Upton, Davis, Collins laud president’s signing of First Step Act into law

U.S. Reps. Doug Collins (R-GA), Fred Upton
(R-MI), and Rodney Davis (R-IL) commended the president’s signing of the bipartisan First Step Act of 2018, a new law to reform the federal prison system.

The U.S. Senate on Dec. 18 concurred 87-12 with U.S. House of Representatives amendments to S. 756, which the House then passed 358-36 on Dec. 20. President Donald Trump signed the bill into law on Dec. 21.

Rep. Collins, who was joined by U.S. Rep. Hakeem Jeffries (D-NY) on May 7 in introducing the Formerly Incarcerated Reenter Society Transformed Safely Transitioning Every Person (FIRST STEP) Act, H.R. 5682, said the newly enacted law represents one of the most significant overhauls of the federal criminal justice system in a generation.

“The First Step Act invests in what Americans value most fiercely — people,” Rep. Collins said on Dec. 20 following House approval of S. 756. “We know that lives can be redirected and redeemed, and we’re committing to doing that with tools that are proven to work.”

“For 31 years,” the congressman added, “my father served his neighbors as a Georgia state trooper. Like him, this bill shows us that reverence for human life is fundamental to justice, and I’m thankful that so many of my colleagues stand here united in that same confidence.”

Rep. Upton said the new law will protect public safety and support inmates returning to society. “We are taking a very positive step today by cutting recidivism, encouraging job training, education, mental health, and substance abuse treatments for those incarcerated, and making our criminal justice system fairer,” he said following the House vote.

Additionally, said Rep. Davis, S. 756 “fixes some of the biggest injustices within the system that have led to increased recidivism rates and left a bigger bill for taxpayers.”

The First Step Act, according to a summary provided by Rep. Upton’s office, improves the nation’s prison system by permitting the Bureau of Prisons to use effective recidivism programs designed to help offenders successfully re-enter society. The measure also will set certain mandatory-minimum sentences, correct disparities in drug sentencing, and grant judges more discretion in sentencing of low-level, non-violent drug offenders.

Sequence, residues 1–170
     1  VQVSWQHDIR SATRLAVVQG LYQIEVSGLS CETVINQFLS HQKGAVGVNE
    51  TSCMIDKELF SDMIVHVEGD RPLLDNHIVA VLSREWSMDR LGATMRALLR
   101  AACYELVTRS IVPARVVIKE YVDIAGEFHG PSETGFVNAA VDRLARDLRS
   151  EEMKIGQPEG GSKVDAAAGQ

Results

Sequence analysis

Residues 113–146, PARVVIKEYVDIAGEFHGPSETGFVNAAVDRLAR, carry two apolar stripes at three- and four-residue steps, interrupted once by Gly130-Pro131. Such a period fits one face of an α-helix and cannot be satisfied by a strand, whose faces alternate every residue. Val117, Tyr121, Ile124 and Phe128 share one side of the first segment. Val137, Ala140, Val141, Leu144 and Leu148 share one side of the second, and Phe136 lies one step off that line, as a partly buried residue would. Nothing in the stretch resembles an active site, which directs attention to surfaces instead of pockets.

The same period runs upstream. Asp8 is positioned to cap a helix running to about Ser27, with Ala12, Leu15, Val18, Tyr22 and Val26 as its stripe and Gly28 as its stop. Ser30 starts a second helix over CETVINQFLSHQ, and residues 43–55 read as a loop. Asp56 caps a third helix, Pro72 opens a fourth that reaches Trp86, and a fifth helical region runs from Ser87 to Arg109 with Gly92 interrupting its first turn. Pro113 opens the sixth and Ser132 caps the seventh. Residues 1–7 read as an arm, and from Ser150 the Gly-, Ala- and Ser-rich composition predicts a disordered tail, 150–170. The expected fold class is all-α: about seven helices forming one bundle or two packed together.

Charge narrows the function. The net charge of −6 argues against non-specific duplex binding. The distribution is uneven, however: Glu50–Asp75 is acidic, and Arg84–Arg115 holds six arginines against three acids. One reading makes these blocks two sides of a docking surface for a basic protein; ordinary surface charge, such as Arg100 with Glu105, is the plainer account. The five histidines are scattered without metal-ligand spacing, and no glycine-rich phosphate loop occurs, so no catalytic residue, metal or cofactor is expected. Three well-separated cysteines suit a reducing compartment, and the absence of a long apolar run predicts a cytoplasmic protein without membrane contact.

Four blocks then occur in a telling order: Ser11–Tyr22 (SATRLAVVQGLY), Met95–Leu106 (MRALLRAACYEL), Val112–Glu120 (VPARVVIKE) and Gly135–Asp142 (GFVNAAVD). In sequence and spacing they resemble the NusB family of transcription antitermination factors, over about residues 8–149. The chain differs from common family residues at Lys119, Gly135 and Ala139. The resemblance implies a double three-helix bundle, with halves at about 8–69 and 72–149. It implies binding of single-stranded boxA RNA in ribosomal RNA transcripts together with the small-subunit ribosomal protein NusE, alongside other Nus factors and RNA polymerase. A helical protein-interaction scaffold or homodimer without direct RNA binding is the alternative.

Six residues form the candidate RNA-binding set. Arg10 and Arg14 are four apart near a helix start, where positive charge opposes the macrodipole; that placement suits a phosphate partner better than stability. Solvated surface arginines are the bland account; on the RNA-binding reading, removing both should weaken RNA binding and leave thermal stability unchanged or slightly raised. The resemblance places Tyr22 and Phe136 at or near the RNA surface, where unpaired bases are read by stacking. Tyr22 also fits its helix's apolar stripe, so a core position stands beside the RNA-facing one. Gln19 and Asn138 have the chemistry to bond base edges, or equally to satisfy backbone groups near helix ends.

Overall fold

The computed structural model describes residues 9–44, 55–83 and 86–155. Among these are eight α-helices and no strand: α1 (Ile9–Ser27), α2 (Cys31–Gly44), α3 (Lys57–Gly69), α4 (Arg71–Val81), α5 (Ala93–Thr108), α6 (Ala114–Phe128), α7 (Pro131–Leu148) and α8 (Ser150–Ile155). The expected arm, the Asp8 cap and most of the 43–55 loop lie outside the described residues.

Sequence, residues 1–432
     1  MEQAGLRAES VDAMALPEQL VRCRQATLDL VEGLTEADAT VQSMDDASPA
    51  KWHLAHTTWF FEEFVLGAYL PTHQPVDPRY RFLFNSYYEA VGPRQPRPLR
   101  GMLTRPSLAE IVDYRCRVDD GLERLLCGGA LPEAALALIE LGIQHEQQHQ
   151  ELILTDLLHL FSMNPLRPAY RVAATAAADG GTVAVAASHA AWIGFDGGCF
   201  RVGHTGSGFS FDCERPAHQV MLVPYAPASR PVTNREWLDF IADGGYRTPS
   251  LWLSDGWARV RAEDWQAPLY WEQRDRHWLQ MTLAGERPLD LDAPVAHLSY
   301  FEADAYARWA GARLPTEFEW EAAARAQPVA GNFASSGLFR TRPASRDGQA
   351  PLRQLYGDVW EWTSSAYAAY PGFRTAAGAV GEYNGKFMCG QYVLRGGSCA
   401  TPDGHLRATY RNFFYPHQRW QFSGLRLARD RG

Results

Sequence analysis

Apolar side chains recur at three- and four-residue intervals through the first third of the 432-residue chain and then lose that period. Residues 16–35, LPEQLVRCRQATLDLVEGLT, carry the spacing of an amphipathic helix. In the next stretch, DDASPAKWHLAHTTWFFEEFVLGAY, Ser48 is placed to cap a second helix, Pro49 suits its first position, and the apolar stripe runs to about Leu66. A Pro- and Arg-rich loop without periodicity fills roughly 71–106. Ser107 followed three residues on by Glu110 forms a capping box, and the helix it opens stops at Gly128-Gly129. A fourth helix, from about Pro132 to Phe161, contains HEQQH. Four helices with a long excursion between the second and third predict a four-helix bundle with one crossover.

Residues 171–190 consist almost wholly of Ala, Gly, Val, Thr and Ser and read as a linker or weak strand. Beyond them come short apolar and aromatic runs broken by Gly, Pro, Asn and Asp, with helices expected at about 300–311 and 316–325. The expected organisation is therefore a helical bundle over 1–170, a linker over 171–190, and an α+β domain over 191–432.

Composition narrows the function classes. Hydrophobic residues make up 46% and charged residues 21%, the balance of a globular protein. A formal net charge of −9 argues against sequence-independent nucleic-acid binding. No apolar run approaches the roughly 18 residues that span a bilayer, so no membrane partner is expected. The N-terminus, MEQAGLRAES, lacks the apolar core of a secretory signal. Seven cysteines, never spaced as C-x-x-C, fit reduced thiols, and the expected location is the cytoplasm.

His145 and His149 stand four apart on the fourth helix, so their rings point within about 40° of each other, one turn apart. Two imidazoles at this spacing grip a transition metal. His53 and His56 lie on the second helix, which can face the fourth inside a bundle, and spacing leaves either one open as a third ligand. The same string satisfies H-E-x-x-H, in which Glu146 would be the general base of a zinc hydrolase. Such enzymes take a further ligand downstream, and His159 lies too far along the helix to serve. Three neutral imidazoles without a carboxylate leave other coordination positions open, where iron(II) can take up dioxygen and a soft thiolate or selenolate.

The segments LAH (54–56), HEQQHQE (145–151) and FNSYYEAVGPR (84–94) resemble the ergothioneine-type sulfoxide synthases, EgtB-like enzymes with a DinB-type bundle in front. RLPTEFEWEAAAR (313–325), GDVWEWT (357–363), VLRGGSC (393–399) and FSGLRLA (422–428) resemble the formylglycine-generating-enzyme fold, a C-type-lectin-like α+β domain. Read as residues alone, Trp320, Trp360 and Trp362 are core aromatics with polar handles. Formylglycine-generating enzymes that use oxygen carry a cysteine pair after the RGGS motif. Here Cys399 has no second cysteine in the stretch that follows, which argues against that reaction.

“We would not have gotten this bill across the finish line without leadership from within the White House, Democrat and Republican members of Congress, and a variety of outside groups coming together to unite around re-focusing the system on rehabilitation and giving millions a second chance,” Rep. Davis said. “It’s a great example of what our government can accomplish when we set politics aside and commit to governing.”

The First Step Act garnered support from myriad groups, including the National Fraternal Order of Police and hundreds of former and current federal, state and local law enforcement officials.

Rep. Jeffries called passage of the bill “a victory for all Americans who believe in justice and the power of redemption.”

By providing access to mental health counseling, education, vocational services and substance abuse treatments, imprisoned individuals will be able to get back on their feet and become productive members of society, he said, adding that the new law “also provides retroactive relief for the shameful crack cocaine sentencing disparity that unfairly destroyed lives, families and communities.”